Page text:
By Helen Twose in Auckland
Auckland University of Technology’s Gender and Diversity Research Group has reached a significant milestone, celebrating 10 years of research and debate on gender and diversity issues within the community.
Formed in 2007 with the aim of establishing a network of researchers within (and beyond) AUT who share an interest in gender and diversity, the research group has developed a thriving research community the institution and internationally through an active research programme of applied and theoretical research, and contributing to new approaches to gender and diversity research in the academic community.
The group commemorated the significant milestone with a research day that included reflection and looking backwards as well as looking forward and imagining new futures for gender and diversity research, said Professor Judith Pringle, founder of the Gender and Diversity Research Group.
“Particularly pleasing was the high attendance from a broad range of people, from academics to those outside the university, including business community and NGOs, who have a very high commitment to reducing inequality among groups, organisations and society,” Professor Pringle said.
Beginning with a keynote from Professor Pringle looking at the evolution of gender and diversity research over the last 30 years, which has fed into the strong establishment of gender and diversity research at AUT, the day included an in-depth discussion from emerging scholars looking at the importance of Māori research and knowledge and its place in academia, the #MeToo movement, and the role of arts in gender and diversity research.Turning to the future, the group envisioned an “ideal” world without gender and diversity inequality, and how to get there. In the words of one participant: “My two favourite ideas I took from the day are the need to build strong networks within your community of work and the re-imagining of research”.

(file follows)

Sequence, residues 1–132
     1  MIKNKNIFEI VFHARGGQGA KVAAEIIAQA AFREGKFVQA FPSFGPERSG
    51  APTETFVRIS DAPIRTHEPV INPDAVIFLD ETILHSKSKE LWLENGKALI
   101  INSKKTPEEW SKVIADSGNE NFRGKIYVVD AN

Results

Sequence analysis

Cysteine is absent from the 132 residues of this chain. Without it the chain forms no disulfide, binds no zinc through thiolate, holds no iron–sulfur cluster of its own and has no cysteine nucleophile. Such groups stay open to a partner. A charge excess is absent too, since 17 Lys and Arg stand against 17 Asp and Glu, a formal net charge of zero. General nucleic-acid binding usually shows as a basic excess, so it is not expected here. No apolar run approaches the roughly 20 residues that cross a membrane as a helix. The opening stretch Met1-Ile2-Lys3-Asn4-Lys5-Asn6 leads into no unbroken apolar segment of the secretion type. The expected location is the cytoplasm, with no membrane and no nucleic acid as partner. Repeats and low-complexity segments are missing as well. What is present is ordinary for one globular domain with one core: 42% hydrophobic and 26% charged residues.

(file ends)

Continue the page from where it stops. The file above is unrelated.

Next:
Event organisers, Dr Katherine Ravenswood and Dr Barbara Myers, said that while the group’s success and longevity was significant – especially in an environment which has seen the demise of Women’s Studies programmes and research groups at universities in New Zealand – it was also confronting.
Valuing Te Ao Māori research
In spite of increased attention to issues of discrimination, the topics addressed on the day, such as sexual harassment, the valuing and contribution of Te Ao Māori research, gendered occupational segregation and glass ceilings, were just as pertinent as 10 years ago.
“The need for the critical, brave research this research group conducts has not diminished. As participants discussed we need to continue to build communities, develop new research methodologies, and to continue to tell the stories and experiences of women from a feminist perspective,” they said.
Key research undertaken by the group includes :
- Submission on the 2017 Draft Employment (Pay Equity and Equal Pay) Bill and research into the gendered valuing of work
- Research into the careers of older women self-initiated expatriates
- Commissioned research into women’s careers in the professions, such as law
- Supporting the development of feminist teaching and research through development workshops
- Postgraduate scholarships to encourage new and emerging researchers
Article by AsiaPacificReport.nz